Trump’s tax package would eliminate the federal tax deduction for state and local tax payments, which could have an impact on the debate over the proposed millionaire’s tax in Massachusetts. The federal deduction essentially allows Massachusetts to offload a third of the millionaire tax to the federal government; with the deduction gone, the full impact would fall on Massachusetts millionaires, who may be more inclined to pick up and leave. (CommonWealth)
Trump tells Mexico and Canada he wants to renegotiate NAFTA, not withdraw from it. (NPR)
Telegram & Gazette columnist Dianne Williamson unleashes a tirade about President Trump, who she describes as the most unpopular president in modern times. Yet Eric Fehrnstrom, writing in the Globe, says the militant anti-Trump policies of the Democrats are unlikely to win them many elections.
NASA has named two craters on Mars after sections of Quincy, labeling one Quincy and the other Squantum. It probably helped that a member of the Curiosity rover team hails from the City of Presidents. (Patriot Ledger)
Members of the Jacobs family that owns the TD Garden and Boston Bruins donated $13,000 to Boston Mayor Marty Walsh’s campaign committee. (Boston Globe)
A report says workplace fatalities in Massachusetts last year reached a 10-year high. (Boston Globe)
Hiawatha Bray has a nuanced take on the battle playing out over internet regulation at the Federal Communications Commission, where he says Net neutrality advocates are going too far. (Boston Globe)
Wellfleet Town Meeting voters rejected a proposal to regulate and limit the number of food trucks in the town. (Cape Cod Times)
Sydney Chafee, a ninth-grade teacher at Codman Academy Charter Public School in Dorchester who was named the nation’s teacher of the year, is honored at an Oval Office visit. (MassLive)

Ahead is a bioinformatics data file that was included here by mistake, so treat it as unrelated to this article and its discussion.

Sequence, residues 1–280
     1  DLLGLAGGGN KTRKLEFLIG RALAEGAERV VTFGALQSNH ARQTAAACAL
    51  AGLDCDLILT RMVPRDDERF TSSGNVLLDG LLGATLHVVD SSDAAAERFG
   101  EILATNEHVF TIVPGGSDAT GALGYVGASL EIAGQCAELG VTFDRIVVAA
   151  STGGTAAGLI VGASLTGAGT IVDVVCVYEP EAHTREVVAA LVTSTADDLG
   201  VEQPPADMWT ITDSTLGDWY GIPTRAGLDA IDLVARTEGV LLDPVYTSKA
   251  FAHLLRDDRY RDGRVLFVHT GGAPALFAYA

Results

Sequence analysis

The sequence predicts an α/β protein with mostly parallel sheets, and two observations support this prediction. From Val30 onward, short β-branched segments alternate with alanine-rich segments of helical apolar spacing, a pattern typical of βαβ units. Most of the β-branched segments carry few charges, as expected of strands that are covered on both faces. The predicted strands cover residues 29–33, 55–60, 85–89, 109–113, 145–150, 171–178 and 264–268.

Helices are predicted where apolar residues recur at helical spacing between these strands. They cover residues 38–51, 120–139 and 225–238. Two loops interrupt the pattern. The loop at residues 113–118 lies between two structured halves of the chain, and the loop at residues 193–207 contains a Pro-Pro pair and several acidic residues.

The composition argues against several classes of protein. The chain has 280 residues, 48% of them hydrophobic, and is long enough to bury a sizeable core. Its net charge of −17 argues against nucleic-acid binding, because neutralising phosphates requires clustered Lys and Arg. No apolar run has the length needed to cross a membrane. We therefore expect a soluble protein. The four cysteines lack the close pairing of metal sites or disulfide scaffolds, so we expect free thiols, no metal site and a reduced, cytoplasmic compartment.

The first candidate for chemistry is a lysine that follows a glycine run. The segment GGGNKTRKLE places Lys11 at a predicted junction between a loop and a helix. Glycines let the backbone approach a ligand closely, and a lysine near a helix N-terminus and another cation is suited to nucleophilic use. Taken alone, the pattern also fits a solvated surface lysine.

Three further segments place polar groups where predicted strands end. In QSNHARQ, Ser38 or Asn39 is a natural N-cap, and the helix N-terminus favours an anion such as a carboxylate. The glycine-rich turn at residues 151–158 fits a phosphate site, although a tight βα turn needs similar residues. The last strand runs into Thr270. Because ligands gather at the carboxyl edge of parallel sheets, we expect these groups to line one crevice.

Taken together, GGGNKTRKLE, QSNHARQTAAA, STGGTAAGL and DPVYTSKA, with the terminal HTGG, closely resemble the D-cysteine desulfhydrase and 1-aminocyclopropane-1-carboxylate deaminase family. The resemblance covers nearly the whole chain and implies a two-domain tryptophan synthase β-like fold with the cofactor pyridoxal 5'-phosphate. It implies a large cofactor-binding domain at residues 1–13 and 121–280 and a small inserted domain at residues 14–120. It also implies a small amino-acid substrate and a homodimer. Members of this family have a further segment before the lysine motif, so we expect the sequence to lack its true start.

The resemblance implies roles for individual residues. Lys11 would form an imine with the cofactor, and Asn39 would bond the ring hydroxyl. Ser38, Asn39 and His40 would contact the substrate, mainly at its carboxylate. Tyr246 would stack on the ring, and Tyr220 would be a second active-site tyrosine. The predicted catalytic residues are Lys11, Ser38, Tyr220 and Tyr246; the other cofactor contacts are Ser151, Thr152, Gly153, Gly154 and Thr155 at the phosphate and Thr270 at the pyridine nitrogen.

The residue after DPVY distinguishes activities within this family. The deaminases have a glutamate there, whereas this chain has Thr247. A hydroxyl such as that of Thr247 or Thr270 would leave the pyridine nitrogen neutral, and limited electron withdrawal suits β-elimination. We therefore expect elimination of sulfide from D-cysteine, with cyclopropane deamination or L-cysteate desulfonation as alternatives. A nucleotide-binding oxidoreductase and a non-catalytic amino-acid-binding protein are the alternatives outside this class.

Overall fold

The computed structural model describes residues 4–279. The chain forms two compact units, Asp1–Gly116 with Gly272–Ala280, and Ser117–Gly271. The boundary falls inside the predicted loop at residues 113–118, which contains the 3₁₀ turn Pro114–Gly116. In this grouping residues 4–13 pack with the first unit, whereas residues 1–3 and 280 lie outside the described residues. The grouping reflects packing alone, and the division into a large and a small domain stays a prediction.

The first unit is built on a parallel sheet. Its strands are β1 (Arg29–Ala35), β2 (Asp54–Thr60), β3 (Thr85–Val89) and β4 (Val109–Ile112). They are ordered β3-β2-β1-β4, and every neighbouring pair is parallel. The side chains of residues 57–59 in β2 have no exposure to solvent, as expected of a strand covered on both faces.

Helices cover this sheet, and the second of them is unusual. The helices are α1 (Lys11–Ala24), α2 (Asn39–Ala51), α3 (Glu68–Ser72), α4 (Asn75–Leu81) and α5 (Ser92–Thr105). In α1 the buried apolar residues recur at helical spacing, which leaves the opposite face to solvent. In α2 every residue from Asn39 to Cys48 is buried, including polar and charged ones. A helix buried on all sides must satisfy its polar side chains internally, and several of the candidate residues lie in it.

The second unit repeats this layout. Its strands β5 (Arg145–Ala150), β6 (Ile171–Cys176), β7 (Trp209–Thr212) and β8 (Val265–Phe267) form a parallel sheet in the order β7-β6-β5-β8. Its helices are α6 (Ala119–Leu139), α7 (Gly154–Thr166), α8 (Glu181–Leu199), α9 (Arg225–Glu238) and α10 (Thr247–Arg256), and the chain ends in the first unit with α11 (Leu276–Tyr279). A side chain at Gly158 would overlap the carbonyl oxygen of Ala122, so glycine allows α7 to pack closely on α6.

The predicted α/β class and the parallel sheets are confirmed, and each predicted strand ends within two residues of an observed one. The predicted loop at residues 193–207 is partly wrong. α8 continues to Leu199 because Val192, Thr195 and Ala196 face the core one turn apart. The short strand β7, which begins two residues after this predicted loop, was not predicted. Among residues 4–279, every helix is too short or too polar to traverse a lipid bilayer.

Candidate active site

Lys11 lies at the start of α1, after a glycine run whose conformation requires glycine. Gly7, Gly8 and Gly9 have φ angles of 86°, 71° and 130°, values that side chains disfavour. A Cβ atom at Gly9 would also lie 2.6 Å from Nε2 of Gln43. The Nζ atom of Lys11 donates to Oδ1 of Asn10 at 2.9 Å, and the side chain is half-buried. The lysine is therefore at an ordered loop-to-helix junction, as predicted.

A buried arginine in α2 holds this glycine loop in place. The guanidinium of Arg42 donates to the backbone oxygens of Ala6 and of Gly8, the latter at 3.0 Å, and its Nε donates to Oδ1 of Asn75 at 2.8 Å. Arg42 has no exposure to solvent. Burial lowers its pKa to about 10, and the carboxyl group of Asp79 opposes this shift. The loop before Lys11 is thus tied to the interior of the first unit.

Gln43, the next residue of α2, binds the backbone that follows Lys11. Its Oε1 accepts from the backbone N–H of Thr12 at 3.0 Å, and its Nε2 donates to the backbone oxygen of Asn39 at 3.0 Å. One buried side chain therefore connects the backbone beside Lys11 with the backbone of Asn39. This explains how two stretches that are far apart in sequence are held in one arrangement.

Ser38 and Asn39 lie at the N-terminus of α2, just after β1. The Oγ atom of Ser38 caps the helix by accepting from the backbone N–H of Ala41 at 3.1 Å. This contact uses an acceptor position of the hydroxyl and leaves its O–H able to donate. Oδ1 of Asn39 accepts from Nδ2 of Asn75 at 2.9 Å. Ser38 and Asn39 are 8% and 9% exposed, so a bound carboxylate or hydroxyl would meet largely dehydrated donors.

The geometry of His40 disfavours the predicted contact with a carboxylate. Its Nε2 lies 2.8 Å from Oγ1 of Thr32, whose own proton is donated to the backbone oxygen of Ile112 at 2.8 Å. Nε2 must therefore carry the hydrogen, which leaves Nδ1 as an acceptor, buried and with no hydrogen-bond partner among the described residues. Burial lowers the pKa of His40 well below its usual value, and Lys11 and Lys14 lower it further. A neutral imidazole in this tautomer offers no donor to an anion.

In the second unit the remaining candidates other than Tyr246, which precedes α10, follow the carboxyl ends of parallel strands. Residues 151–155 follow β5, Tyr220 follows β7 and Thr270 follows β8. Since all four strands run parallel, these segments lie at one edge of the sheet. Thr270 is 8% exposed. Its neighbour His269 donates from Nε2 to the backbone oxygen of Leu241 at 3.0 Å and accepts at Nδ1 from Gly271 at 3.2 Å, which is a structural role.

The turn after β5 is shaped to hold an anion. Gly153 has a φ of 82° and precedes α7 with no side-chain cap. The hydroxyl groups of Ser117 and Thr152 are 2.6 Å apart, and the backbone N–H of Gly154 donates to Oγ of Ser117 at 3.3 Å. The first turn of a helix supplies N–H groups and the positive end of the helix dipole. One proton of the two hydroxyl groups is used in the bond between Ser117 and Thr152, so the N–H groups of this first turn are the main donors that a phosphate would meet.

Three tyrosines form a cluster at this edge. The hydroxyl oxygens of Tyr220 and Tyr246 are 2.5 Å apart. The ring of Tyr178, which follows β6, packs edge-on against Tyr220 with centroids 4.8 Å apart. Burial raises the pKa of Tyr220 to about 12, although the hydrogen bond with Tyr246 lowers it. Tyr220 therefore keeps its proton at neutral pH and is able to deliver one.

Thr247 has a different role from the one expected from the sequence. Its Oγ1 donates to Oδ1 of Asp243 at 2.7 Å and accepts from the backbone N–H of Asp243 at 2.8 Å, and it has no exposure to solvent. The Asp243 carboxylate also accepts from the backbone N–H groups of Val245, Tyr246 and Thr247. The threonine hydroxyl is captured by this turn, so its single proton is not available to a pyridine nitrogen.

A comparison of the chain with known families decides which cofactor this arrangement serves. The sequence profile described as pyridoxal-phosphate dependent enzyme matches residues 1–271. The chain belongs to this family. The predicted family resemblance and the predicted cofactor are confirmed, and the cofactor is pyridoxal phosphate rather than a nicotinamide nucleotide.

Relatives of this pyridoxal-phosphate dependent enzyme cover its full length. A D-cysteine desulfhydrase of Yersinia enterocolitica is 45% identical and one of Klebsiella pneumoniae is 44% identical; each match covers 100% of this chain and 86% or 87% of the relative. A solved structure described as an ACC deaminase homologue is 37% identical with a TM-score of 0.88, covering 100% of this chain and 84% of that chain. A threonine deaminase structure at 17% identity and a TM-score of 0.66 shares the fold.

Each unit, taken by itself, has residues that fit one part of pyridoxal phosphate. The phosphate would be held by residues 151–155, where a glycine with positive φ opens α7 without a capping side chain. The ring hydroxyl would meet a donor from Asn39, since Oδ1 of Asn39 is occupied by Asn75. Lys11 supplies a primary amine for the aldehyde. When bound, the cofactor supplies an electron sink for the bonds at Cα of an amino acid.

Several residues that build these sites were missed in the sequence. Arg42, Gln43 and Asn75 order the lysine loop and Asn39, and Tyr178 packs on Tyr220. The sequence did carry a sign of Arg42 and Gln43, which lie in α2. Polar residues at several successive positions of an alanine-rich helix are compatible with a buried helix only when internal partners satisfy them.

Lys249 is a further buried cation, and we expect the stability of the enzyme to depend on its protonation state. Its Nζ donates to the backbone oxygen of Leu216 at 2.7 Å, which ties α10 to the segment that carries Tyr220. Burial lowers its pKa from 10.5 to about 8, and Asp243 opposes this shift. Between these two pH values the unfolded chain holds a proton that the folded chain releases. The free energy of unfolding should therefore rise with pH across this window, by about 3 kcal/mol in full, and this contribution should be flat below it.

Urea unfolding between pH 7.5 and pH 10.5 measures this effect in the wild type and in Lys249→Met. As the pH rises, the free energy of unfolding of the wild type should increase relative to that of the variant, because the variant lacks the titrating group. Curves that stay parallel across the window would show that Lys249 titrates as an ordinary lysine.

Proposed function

The Boston Public Schools will roll out a new curriculum for first and second grade classrooms, building on its success with revamping pre-kindergarten and kindergarten programs that has shown long-term benefits on student learning outcomes. (Boston Herald)
Ridership on the commuter rail Fairmount Line has tripled since 2012, according to a new report. (Boston Globe)
United Airlines says it will pay passengers bumped from flights as much as $10,000 in compensation. (Associated Press)
A carbon fee in Massachusetts would save $2.9 billion in health costs over two decades, according to a study commissioned by environmental groups. (MassLive)
NOAA says it will investigate the “unusually” high number of humpback whale deaths between North Carolina and Maine dating back to last year. (Cape Cod Times)
Opponents of a Martha’s Vineyard casino proposed by the Aquinnah Wampanoag have filed an appeal to a federal court decision that favored the tribe. (Boston Globe)
A Berkshire Eagle editorial says the Probation Department corruption scandal may have ended with no convictions, but it had positive impacts anyway.
Money moves: The fiancee of Aaron Hernandez is hoping to sell his former house in North Attleborough, which had been on the market for $1.3 million, by tomorrow. Meanwhile, the family of Odin Lloyd, whom Hernandez was convicted of killing, is moving to have their wrongful death suit target his estate and not Hernandez individually. (Boston Herald) Prolific crime novelist James Patterson is writing a “true crime” book about Hernandez scheduled for release early next year. (Associated Press)
A Globe editorial says rumors about Hernandez distract from the inquiry into his prison suicide — and it underscores the media awkwardness with the issue by not spelling out what those rumors are.MEDIA
ESPN laid off more than 100 people, including high-profile figures such as baseball reporter Jayson Stark and football reporter Ed Werder, in the latest round of cuts at the Worldwide Leader in Sports because of a perfect storm of a falling subscriber base combined with soaring broadcast rights fees for games. (New York Times)